Strictly speaking, data journalism is about telling stories with numbers.
But let’s use a wider definition in this article, as for me the data used to tell a story can take many faces, including mere facts (historical, biographical, geographical) and different multimedia supports (interviews, photo reports, video footages). The idea here is to give you a broad view of what data journalism is and how you can use its lens to get great content ideas.
The first step is to identify the data you can use. But before that, you will have to define your needs.
What topic do you want to cover? Are you following a seasonal trend (fashion week, movie premiere, holidays), or do you want to cover your field with content that does not change through time, aka cold content (dog breeds, recipes)?
Whereas cold content data is easy to find online and can make great long tail content, warmer content is tougher to obtain. You have to be aware of any news event in your field, and to be ready to act as fast as possible with many competitors doing the same thing at the same time.
Once you have identified the kind of data you are looking for, you need to put your hand on it.
Open data is a great way to get free data that has been gathered by governmental organisations. Data Catalogs is a good starting point for your search. This site provides open data sources for a number of countries.
For example, let’s say you are interested in Queensland oral health services. You can get a monthly extract of statistics about waiting list per clinic. Likewise, you can get crime statistics for incidents in Washington, DC.
These open data catalogs are a good source when you are looking for specific data. But you can also browse them to get new ideas of content.
When surfing through open data sites, it is important to keep an open mind: you can dig some completely unrelated data and find a new edge about your content.
For instance, flipping through the US Social Security dataset can inspire you some ideas, like babies named from movies or TV shows, from celebrities, for specific countries or periods of time. You can correlate this data with movies premieres or sport events in the news to add some depth to it.
The Google Books n-gram viewer is a great tool to visualize words appearing in books for a specific period of time and a given language.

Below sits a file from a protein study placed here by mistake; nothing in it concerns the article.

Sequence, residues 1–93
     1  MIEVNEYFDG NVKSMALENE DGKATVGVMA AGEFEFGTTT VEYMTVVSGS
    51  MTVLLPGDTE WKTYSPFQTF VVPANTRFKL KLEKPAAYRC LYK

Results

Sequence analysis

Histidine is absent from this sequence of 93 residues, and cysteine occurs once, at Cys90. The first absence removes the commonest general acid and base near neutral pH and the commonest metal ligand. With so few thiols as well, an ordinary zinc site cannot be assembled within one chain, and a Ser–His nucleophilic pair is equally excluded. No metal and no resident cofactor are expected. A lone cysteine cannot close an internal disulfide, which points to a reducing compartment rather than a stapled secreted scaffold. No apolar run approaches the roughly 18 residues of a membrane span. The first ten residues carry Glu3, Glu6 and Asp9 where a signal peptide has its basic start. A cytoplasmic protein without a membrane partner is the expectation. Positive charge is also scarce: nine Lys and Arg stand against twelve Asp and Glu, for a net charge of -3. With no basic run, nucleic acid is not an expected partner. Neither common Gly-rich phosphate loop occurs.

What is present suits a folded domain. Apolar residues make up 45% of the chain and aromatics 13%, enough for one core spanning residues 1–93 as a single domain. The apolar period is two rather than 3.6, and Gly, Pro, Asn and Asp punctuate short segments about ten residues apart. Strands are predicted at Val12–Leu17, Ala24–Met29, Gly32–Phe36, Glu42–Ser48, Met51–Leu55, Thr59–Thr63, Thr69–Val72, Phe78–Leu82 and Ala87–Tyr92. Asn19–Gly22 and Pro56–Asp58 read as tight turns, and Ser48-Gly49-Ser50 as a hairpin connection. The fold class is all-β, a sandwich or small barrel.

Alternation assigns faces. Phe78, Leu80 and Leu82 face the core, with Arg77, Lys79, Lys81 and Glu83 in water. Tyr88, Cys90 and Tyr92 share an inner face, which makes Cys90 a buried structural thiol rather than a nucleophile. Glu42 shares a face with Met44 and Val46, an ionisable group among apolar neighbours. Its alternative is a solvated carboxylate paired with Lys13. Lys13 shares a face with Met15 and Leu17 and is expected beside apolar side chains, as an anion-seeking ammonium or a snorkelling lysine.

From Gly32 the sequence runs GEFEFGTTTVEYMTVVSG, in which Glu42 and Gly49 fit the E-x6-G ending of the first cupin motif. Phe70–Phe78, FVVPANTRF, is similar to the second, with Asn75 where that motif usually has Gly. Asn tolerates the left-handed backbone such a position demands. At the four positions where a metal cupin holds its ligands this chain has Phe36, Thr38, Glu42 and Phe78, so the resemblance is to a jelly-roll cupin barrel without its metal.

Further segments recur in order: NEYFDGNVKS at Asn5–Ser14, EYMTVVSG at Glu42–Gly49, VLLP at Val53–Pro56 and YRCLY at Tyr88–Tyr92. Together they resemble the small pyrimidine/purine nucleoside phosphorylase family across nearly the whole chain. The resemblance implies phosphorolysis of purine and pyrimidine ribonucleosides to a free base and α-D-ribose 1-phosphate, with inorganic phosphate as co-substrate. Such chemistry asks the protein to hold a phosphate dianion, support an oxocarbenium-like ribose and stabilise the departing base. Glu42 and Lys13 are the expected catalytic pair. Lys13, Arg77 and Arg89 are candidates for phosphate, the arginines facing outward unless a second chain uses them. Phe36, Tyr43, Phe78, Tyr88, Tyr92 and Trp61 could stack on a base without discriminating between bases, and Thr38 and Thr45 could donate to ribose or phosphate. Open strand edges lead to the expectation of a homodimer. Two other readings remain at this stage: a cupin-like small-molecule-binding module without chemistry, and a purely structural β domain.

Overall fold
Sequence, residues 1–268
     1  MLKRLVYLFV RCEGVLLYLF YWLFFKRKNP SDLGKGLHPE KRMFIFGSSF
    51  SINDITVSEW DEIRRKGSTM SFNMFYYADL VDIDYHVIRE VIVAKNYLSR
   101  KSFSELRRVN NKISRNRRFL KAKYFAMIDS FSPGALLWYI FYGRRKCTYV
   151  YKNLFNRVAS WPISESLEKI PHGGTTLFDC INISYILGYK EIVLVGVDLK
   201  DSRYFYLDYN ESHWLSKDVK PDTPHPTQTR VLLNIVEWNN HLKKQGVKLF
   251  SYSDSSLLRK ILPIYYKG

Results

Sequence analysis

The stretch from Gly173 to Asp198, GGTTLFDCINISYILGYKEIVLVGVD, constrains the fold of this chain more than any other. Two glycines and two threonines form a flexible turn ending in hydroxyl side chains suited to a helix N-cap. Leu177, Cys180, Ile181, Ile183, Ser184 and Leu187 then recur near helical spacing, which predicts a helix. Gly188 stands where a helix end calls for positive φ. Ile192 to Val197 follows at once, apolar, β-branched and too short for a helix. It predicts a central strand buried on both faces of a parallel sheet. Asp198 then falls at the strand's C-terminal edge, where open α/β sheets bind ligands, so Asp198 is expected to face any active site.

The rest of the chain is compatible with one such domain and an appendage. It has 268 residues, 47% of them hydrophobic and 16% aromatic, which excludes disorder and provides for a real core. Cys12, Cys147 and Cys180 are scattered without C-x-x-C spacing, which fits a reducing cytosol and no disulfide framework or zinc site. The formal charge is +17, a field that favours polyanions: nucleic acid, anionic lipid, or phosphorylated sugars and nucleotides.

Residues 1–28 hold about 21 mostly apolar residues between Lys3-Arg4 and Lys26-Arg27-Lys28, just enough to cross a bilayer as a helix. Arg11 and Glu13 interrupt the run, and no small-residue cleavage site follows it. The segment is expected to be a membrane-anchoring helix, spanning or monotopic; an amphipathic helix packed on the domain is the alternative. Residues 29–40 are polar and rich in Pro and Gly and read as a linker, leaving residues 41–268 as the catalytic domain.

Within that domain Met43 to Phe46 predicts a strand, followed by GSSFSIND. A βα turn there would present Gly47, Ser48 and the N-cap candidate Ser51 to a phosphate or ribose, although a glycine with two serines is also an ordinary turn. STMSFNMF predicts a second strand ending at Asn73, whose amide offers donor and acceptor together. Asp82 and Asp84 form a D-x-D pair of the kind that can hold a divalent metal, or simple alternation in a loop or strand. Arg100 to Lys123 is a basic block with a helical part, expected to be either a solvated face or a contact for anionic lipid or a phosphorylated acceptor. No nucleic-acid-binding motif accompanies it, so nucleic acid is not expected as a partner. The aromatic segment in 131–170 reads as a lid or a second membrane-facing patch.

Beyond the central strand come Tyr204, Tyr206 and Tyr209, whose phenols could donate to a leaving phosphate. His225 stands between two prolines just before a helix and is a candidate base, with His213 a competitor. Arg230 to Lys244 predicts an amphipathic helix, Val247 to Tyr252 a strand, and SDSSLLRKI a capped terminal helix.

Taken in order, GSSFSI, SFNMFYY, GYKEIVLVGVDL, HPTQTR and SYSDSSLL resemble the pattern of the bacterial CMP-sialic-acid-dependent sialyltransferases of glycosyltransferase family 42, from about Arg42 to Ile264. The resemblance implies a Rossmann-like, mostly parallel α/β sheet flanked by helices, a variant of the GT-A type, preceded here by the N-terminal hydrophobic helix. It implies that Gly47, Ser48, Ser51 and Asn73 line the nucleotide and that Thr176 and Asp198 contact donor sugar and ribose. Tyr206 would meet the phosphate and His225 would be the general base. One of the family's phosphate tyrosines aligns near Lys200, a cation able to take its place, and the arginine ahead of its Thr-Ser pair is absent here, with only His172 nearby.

For example, the following graph shows the presence of four names of Lord of the Rings characters in the literature – namely Arwen, Eowyn, Galadriel and Isildur – with a first peak in 1979 and the second one in 2004 and 2005.
If you are looking for warm content, two sources can help you identify what is trending in a specific country or language right now or at a specific time: the Wikipedia article traffic statistics and Google Trends.
Both sites can also help you identify patterns in the searched terms.
For example, dog breed is mostly searched for on Sundays in the US, while the matching Wikipedia page in English is mostly viewed on Tuesdays. Well, I can’t make much out of it, but if your content is about dogs, maybe you can. At least, you know when to publish your content and when to promote it on social media to get the maximum impact.
Google Trends goes a bit further as it links the reasons for peaks to specific news and can give results down to a city, which is a good way to get insights from local audience.
For instance, fashion week peaked between February 9 and 15 in the US (for the NYC fashion week), and between April 6 and 12 in Australia (for the Sydney fashion week).
So depending of your audience, you know when to prepare yourself for warm content a bit in advance. A good rule to keep in mind is that local audience is generally more interested in local news first.
Who, what, when and where are in data journalism the main questions to answer, such as in any other kind of journalism. The why is not so easy to convey, as it needs a real analysis that is hard to express in visual elements. Why needs more space and more words to be explained thoroughly.
To transform pure data into a good story, you need to find an edge, which means to ask yourself what specific question you want to answer.
Finding a narrative can also bring life to the facts and data you gathered.
One good starting point is to identify what piece of data does not fit well with the rest: the outliers. In statistics, an outlier is a point distant from other observations. In the Washington, DC, crime statistics dataset, it could be an area more prone to specific crime type, or a type of crime that rarely happens during the day. In short, anything different from the data pattern can give you an edge.
But if outliers can make a good story, they can as well be the sign of an error in the data, so don’t forget to double-check them.
Most of the time, the data gathered can raise different questions. If it is useful to propose different ways to interact with the same data for your users, for instance by providing both a map view and a chart view, it is also a good opportunity to create different contents from the same dataset.
An overview story can bring a global awareness about your subject. This broad view can be illustrated through views closer to your audience (both topically and geographically), resulting in much more content in the end.
As an example, let’s try some brainstorming on the fashion weeks topic. It can be addressed through different points of view:
- map of the next fashion weeks with faceted search (Haute Couture/ready-to-wear, fashion houses, men/women collections)
- comparison of colors/patterns/materials between different years of a local fashion week
- comparison of colors/patterns/materials between different local fashion weeks for the same season
- biography timelines of creators/fashion houses, with representative works
Testimonials are also a great way to bring life to your content. In Boston Marathon Moment 4:09:43, the goal was to go beyond the catastrophic event and to provide insight from regular people who were there when it took place. With such an overwhelming event, the number of casualties kept the audience away from the people behind the numbers.